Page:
NEF: I don’t think you’re the only creative person who, at this point, feels compelled to commune instead of retreat. I’ve had my own back and forth on this, having written so much last year and having not written a thing this year, because my focus has shifted to acting. I feel like writing has its own hyper-specific rewards and challenges that I can’t get anywhere else. I also think that I’m naturally more gifted at writing than acting. I just find the process of it to be, at this point, non-negotiably lonely and solitary, and also non-negotiable on fun. And I know you and I both like to have fun. I do feel like this is a big shift for you, though. I observed your practice several years ago where I felt like you were retreating a bit, moving away to Europe, taking yourself out of the context where you came of age. You also seemed to have a new kind of seriousness about your work. I wonder how you feel about this shift, not only about the social aspect, but about showing in New York again?
SERPAS: When I went to Europe I was feeling lonely and out of sorts in New York. I feel like a lot of people in our group, we’re all talented, but also privy to bouts of feeling isolated. So I was like, “I’m just going to have some seclusion in Switzerland.” And then I went even farther east to Tbilisi, Georgia. It was like a self-imposed exile. But I did feel invited to Europe at that time in terms of people wanting to engage with me in a way that felt comfortable. When I first moved to New York, it would be expected that I’d talk about myself as a trans person, or as an immigrant, or as a low-income person. That’s kind of all I could talk about and engage with. I was nestled by a lot of our mutual friends and felt supported, but it got into my head. It got to the point that I needed to totally decontextualize myself. I reached a place where I actually saw very little reflection of myself. I had these nights at raves where at some point my friends are just going to start speaking Swiss German or Georgian or French or whatever, and I’d go off to have my own little adventure and explore the darkroom. But I’m definitely homesick at this point, and I think a shift in the work now is out of that homesickness. I’m tapping into that and inspired by what my friends are up to. The photo work is inspired by fashion shoots. And the screenplay came out of my past, too. So I feel a nostalgia for home, now that I can finally see my future a little more.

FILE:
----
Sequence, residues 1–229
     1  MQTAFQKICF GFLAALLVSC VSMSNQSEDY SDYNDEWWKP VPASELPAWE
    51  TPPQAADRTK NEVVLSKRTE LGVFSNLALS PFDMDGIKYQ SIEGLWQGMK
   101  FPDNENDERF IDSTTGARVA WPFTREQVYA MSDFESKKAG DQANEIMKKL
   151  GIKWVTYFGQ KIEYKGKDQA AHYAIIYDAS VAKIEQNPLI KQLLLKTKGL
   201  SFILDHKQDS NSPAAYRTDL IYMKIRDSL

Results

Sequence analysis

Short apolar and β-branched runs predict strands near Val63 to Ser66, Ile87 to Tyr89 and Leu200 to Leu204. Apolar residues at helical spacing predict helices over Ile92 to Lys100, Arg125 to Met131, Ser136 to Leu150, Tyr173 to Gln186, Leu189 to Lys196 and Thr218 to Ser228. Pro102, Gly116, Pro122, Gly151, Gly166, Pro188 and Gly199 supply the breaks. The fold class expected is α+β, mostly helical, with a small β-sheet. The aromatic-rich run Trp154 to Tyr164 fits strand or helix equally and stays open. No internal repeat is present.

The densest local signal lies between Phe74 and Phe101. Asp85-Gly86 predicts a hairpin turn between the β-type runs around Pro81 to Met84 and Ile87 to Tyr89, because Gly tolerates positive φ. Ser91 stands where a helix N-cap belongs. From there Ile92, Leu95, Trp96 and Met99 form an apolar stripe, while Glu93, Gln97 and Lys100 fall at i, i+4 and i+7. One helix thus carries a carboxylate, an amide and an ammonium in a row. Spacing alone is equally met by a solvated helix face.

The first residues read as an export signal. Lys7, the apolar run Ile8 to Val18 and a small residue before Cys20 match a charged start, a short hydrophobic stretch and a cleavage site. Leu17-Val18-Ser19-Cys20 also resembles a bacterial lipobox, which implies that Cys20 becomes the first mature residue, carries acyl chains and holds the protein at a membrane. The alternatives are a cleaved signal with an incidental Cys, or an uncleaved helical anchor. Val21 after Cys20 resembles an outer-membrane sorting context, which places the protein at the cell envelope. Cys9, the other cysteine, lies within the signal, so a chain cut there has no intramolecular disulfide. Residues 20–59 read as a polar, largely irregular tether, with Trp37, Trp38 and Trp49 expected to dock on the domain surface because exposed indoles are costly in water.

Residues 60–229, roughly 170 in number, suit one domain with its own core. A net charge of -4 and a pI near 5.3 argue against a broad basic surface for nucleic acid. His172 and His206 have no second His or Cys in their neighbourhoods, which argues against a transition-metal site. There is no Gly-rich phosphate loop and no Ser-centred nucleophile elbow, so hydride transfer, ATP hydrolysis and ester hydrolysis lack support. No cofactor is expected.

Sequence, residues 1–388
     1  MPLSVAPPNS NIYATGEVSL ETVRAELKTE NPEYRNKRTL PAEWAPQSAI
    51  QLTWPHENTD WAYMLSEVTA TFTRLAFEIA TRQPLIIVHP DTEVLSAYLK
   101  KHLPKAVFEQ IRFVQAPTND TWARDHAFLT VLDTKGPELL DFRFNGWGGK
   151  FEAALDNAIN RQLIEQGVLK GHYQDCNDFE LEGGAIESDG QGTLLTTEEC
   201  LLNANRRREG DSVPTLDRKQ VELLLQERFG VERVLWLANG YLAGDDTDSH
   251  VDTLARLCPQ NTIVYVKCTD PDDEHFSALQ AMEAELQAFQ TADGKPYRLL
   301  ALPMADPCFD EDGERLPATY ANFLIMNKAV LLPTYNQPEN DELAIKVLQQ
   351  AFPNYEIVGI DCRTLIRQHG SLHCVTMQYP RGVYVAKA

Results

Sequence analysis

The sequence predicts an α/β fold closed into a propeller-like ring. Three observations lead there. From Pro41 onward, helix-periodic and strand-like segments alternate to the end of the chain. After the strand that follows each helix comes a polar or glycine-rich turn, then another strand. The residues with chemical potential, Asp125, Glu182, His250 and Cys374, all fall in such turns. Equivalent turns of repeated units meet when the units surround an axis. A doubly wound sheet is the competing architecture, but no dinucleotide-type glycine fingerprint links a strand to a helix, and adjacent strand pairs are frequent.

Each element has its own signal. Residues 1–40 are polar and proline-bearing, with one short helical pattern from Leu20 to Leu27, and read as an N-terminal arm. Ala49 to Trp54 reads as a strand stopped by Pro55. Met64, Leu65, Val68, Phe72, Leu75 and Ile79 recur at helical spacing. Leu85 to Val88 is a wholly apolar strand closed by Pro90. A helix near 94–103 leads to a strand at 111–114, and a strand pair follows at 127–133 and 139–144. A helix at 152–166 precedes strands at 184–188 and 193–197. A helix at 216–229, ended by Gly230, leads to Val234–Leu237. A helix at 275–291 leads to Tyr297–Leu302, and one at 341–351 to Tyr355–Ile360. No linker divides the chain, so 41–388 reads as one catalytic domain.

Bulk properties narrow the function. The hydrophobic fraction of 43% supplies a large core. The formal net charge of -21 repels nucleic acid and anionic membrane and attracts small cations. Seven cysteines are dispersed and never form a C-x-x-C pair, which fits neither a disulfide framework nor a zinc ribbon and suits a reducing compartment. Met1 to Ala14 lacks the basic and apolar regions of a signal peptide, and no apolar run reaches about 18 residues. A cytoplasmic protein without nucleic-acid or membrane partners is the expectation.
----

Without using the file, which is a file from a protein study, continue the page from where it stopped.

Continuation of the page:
NEF: And what do you see in your future?
SERPAS: I want to be traveling forever, but I also want a place back in what I think is still the most inspiring city for artistic production for Americans of our generation. I’m obviously very happy to be in Paris, it’s been a fab few months, but this winter is hitting me like a ton of bricks.
NEF: Are you scared to come back to New York?
SERPAS: A bit. It’s not that I haven’t had a real life here, but moving around has allowed me to leave when things get too heavy. Also artistically, it’s lent itself to me having to explore new media on my feet and new ways of working, depending on the studio space I have access to and the materials I have access to during various moves. But I think going back will lend itself to more research, focus, and longer process-based art.